Team-based Decision Making Planning
Evaluation
Continuous Monitoring
Effective Visual Displays
Regular Review
SWIS
FRMS
42
GENERAL IMPLEMENTATION PROCESS
Team
Agreements
Data-based Action Plan
Implementation
Evaluation
43
Designing School-Wide Systems for Student Success
1-5
1-5
5-10
5-10
80-90
80-90
44
What does SWPBS look like?
  • gt80 of students can tell you what is expected of
    them give behavioral example because they have
    been taught, actively supervised, practiced,
    acknowledged.
  • Positive adult-to-student interactions exceed
    negative
  • Function based behavior support is foundation for
    addressing problem behavior.
  • Data- team-based action planning
    implementation are operating.
  • Administrators are active participants.
  • Full continuum of behavior support is available
    to all students

45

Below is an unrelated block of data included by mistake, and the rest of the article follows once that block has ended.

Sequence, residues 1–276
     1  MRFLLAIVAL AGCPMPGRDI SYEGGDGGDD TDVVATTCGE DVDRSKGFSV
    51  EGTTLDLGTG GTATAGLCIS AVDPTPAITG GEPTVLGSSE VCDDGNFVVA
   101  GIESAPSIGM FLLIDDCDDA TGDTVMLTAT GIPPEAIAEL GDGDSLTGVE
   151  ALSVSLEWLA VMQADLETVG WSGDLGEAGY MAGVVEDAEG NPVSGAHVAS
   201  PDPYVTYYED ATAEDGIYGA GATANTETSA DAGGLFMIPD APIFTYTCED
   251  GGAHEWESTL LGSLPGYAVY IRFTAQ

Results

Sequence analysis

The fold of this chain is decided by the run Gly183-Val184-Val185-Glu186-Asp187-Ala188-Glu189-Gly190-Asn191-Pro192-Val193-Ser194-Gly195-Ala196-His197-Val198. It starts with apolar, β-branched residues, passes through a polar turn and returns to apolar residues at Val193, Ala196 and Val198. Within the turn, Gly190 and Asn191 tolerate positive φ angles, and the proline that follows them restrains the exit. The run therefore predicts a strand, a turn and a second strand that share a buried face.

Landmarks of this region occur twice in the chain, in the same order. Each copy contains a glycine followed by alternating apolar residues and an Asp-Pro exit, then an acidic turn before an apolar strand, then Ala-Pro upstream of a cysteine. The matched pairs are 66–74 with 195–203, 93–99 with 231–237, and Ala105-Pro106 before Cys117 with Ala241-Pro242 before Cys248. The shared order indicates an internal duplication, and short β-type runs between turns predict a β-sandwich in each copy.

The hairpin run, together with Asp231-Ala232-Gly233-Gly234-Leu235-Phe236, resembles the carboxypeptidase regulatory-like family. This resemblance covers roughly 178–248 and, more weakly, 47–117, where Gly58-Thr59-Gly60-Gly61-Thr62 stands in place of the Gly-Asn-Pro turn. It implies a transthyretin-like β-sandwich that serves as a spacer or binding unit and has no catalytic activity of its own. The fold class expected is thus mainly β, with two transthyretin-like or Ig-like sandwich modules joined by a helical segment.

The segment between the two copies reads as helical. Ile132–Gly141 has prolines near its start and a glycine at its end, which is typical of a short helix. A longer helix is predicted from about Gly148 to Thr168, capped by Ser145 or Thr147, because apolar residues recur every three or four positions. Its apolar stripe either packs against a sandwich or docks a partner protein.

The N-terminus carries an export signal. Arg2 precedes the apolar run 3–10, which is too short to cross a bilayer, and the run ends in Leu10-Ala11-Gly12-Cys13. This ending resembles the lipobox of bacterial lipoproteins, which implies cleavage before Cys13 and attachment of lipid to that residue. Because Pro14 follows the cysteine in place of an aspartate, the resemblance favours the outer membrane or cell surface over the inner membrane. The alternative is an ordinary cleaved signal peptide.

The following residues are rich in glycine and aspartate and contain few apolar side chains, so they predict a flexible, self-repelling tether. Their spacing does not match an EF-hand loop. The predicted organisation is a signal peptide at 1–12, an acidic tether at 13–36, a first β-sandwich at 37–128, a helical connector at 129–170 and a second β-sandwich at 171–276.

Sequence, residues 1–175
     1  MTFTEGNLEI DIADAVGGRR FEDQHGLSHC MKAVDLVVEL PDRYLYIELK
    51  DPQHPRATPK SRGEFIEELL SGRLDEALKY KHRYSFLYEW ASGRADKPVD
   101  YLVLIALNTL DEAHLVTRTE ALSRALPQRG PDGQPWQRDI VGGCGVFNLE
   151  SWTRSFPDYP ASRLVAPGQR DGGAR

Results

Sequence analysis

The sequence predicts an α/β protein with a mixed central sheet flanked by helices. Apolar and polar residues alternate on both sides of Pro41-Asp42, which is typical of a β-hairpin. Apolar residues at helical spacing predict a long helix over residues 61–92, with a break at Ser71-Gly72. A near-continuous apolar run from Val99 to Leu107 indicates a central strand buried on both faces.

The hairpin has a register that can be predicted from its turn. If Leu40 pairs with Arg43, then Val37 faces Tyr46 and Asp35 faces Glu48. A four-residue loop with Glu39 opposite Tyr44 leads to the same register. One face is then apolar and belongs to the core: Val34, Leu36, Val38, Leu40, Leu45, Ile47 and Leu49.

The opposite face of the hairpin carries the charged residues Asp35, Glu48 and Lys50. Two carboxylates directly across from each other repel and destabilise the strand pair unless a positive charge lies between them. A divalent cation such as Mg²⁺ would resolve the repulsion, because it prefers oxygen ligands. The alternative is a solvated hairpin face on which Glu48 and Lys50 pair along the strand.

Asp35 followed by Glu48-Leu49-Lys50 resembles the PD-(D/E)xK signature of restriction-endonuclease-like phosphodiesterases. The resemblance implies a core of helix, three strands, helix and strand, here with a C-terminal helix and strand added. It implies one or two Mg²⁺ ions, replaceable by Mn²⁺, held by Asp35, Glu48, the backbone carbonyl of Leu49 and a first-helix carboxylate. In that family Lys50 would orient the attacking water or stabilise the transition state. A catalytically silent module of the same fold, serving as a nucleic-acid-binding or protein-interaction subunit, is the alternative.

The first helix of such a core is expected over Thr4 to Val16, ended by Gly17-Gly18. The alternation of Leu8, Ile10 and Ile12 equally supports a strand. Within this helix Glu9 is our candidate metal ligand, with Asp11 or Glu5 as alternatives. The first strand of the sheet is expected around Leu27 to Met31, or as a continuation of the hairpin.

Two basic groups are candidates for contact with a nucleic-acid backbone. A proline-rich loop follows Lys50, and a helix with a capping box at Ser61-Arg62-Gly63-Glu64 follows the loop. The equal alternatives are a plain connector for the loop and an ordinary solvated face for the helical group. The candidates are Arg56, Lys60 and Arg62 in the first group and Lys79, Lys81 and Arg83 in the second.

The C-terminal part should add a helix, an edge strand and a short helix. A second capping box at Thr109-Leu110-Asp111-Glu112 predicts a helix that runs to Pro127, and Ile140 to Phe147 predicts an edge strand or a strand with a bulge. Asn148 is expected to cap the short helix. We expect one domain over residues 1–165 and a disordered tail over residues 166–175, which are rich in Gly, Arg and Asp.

(No Transcript)
46
Pre
Post
47
Office Discipline Referrals
  • Definition
  • Kid-Teacher-Administrator interaction
  • Underestimation of actual behavior
  • Improving usefulness value
  • Clear, mutually exclusive, exhaustive definitions
  • Distinction between office v. classroom managed
  • Continuum of behavior support
  • Positive school-wide foundations
  • W/in school comparisons

48
Mom, Dad, Auntie, Jason
  • In a school where over 45 of 400 elem. students
    receive free-reduced lunch, gt750 family members
    attended Family Fun Night.

49
I like workin at school
  • After implementing SW-PBS, Principal at Jesse
    Bobo Elementary reports that teacher absences
    dropped from 414 (2002-2003) to 263 (2003-2004).

50